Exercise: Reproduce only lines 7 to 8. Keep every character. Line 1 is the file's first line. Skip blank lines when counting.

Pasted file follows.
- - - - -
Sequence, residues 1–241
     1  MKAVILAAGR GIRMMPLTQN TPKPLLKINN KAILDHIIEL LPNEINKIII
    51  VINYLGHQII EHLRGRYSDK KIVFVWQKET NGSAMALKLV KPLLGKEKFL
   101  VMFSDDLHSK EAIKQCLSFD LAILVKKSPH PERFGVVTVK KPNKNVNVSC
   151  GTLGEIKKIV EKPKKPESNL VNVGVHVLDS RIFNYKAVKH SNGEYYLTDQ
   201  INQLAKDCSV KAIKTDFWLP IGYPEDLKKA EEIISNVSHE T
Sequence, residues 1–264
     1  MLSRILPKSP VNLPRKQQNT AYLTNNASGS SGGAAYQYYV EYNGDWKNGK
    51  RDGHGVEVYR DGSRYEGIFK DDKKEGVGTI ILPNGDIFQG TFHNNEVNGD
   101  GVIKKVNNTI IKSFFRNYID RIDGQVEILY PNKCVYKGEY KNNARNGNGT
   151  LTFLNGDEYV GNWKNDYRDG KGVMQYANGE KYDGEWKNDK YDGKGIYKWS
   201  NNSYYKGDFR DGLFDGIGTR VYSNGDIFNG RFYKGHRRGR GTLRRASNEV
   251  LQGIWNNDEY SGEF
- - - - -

Sequence, residues 1–264
     1  MLSRILPKSP VNLPRKQQNT AYLTNNASGS SGGAAYQYYV EYNGDWKNGK